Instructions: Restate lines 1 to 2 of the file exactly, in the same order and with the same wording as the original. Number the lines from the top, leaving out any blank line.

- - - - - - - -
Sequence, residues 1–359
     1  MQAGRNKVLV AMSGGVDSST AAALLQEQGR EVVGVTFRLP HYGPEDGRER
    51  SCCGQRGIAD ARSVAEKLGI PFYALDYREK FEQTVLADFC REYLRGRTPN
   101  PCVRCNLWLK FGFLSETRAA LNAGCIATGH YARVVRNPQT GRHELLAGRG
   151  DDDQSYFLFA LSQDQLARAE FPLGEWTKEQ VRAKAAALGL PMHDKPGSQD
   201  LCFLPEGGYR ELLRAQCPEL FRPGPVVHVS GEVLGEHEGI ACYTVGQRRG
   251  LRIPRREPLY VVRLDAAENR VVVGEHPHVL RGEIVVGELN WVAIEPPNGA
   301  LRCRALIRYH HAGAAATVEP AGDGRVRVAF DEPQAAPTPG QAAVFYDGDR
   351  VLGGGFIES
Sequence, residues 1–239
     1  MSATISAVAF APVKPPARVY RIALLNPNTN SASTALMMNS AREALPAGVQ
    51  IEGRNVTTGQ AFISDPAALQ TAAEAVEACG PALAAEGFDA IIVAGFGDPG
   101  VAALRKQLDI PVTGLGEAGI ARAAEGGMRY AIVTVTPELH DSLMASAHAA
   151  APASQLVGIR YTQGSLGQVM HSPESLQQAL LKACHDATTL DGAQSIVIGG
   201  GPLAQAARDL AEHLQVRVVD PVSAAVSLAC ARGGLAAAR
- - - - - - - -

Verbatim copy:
Sequence, residues 1–359
     1  MQAGRNKVLV AMSGGVDSST AAALLQEQGR EVVGVTFRLP HYGPEDGRER